Millions of people suffer from hypothyroidism, a condition in which the thyroid gland does not produce enough thyroid hormones to meet the body's needs. To treat this condition, doctors have traditionally relied on desiccated thyroid extract (DTE) drugs, such as Armour Thyroid, Nature-Throid, NP Thyroid and WP Thyroid. These drugs have been around for decades and remain popular among holistic, alternative and integrative physicians. However, they are not approved by the U.
S. Food and Drug Administration (FDA).The FDA has been encouraging manufacturers of unapproved drugs to seek FDA approval, as required by law. This approval process helps ensure that drugs are safe and effective for their intended use. Without it, patients are exposed to potential risks due to the lack of safety, efficacy and quality reviews.
The American Thyroid Association (ATA), a professional group of endocrinologists and researchers, has taken a position in favor of synthetic thyroid (Synthroid or levothyroxine) over DTEs. This is likely due to the fact that pharmaceutical companies that produce levothyroxine have become the main sources of funding for thyroid and endocrinology associations, educational programs in medical schools regarding thyroid disease, research grants for groups and individuals studying levothyroxine, and have distributed many millions of dollars in free samples, lunches and gifts printed with the logo to promote the drug. Armour Thyroid already has about twice the price of its competitors, including its FDA-designed generic equivalent, NP Thyroid. Despite this high cost, many people continue to use unapproved products made of animal origin. I predict that Armour Thyroid will quickly navigate through the FDA process and gain formal approval as a “biological thyroid hormone replacement drug”.Before synthetic thyroid (Synthroid or levothyroxine) existed, doctors relied on DTE to treat people with underactive or missing thyroid glands.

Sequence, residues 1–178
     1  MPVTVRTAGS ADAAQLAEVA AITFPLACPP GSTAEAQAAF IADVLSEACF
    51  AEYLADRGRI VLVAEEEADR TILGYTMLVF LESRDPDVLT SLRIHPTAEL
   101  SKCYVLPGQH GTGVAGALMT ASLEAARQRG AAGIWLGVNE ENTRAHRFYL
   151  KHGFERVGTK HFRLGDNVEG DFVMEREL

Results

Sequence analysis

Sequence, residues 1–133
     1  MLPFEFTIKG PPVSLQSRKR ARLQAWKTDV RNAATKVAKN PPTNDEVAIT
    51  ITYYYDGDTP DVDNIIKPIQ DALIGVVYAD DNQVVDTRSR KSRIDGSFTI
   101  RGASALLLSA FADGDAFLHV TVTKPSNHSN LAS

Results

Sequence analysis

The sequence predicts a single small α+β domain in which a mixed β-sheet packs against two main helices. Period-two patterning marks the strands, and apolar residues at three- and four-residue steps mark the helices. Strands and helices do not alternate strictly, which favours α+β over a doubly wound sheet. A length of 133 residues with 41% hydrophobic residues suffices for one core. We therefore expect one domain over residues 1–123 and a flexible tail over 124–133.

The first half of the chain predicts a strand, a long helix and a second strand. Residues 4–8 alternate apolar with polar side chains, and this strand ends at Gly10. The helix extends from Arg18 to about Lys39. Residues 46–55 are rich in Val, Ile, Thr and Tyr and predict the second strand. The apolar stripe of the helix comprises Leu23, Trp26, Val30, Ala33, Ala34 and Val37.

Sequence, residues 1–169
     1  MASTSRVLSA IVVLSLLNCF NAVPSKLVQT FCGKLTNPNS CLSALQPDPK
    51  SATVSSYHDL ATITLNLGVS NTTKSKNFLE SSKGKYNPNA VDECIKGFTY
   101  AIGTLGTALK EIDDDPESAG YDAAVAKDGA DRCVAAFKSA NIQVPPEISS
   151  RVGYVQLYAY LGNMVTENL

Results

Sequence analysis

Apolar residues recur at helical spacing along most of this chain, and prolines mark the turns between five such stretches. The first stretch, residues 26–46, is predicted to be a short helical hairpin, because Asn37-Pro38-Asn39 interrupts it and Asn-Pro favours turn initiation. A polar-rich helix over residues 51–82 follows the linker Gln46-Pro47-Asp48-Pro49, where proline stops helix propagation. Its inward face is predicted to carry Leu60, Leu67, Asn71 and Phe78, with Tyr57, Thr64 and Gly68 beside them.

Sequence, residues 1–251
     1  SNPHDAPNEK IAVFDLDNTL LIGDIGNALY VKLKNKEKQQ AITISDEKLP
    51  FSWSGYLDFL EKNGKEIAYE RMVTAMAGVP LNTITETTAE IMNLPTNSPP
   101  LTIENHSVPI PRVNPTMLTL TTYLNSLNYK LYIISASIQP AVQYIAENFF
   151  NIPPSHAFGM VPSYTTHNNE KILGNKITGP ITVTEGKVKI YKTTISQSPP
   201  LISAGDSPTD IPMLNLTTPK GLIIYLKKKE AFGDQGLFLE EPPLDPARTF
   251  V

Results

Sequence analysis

Over-the-counter glandular thyroid support supplements are not the same as prescription DTEs, nor are they a substitute for prescription thyroid hormone replacement drugs. The FDA's drug approval process is essential for ensuring that drugs are safe and effective for their intended use. It is unclear why Armour Thyroid has not yet been approved by the FDA but it is likely due to the fact that pharmaceutical companies that produce levothyroxine have become the main sources of funding for thyroid and endocrinology associations. Nevertheless, I predict that Armour Thyroid will soon gain formal approval as a “biological thyroid hormone replacement drug”.